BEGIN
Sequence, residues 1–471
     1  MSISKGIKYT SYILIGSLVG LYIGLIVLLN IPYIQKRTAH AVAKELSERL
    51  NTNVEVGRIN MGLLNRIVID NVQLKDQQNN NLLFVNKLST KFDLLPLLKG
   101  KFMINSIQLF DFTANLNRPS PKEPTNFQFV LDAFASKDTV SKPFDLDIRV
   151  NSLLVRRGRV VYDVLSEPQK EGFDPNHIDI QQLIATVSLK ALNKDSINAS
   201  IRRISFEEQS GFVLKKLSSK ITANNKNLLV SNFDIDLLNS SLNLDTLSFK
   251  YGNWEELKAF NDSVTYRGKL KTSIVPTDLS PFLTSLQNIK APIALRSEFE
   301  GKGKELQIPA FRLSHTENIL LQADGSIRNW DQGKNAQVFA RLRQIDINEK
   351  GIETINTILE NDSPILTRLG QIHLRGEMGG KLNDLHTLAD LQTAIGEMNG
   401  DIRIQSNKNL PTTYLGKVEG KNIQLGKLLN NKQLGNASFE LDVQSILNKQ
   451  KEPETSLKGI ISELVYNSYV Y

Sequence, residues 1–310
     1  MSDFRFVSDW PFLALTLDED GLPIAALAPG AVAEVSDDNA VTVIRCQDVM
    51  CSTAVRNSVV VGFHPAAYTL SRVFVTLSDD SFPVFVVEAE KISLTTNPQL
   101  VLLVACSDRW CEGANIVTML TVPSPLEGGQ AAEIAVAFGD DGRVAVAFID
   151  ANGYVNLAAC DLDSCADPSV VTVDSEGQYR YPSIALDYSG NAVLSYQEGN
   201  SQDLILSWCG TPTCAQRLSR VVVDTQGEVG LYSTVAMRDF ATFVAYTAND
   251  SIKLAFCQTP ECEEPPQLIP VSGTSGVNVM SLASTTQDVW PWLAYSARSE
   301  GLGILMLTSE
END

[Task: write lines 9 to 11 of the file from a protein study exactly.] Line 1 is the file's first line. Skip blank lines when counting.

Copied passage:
   351  GIETINTILE NDSPILTRLG QIHLRGEMGG KLNDLHTLAD LQTAIGEMNG
   401  DIRIQSNKNL PTTYLGKVEG KNIQLGKLLN NKQLGNASFE LDVQSILNKQ
   451  KEPETSLKGI ISELVYNSYV Y